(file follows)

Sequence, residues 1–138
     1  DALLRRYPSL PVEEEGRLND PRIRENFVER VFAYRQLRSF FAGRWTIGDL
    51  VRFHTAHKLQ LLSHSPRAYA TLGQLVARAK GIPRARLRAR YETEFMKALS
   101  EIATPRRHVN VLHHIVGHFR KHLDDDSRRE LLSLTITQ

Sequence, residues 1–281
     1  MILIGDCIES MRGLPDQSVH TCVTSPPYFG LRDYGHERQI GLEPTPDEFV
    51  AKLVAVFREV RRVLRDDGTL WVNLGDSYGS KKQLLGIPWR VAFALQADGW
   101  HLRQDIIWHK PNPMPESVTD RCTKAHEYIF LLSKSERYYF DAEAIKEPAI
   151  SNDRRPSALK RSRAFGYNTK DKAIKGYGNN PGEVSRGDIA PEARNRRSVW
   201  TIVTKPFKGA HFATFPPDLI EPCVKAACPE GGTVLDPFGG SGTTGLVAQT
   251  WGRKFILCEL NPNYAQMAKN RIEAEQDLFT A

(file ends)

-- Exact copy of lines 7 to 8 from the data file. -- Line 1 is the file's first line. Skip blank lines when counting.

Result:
    51  AKLVAVFREV RRVLRDDGTL WVNLGDSYGS KKQLLGIPWR VAFALQADGW
   101  HLRQDIIWHK PNPMPESVTD RCTKAHEYIF LLSKSERYYF DAEAIKEPAI